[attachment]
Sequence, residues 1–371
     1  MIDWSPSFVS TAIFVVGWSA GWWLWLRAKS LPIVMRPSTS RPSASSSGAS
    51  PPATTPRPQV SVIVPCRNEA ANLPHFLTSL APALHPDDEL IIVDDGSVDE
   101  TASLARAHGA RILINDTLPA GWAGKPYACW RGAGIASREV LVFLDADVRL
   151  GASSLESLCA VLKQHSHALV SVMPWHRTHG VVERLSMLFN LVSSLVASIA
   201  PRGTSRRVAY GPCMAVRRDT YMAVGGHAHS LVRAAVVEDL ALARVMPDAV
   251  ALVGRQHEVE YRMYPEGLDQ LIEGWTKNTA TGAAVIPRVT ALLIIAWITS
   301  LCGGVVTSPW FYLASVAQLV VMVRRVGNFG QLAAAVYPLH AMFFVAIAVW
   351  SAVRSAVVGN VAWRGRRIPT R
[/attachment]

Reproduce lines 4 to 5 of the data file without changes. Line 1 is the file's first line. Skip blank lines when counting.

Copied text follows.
   101  TASLARAHGA RILINDTLPA GWAGKPYACW RGAGIASREV LVFLDADVRL
   151  GASSLESLCA VLKQHSHALV SVMPWHRTHG VVERLSMLFN LVSSLVASIA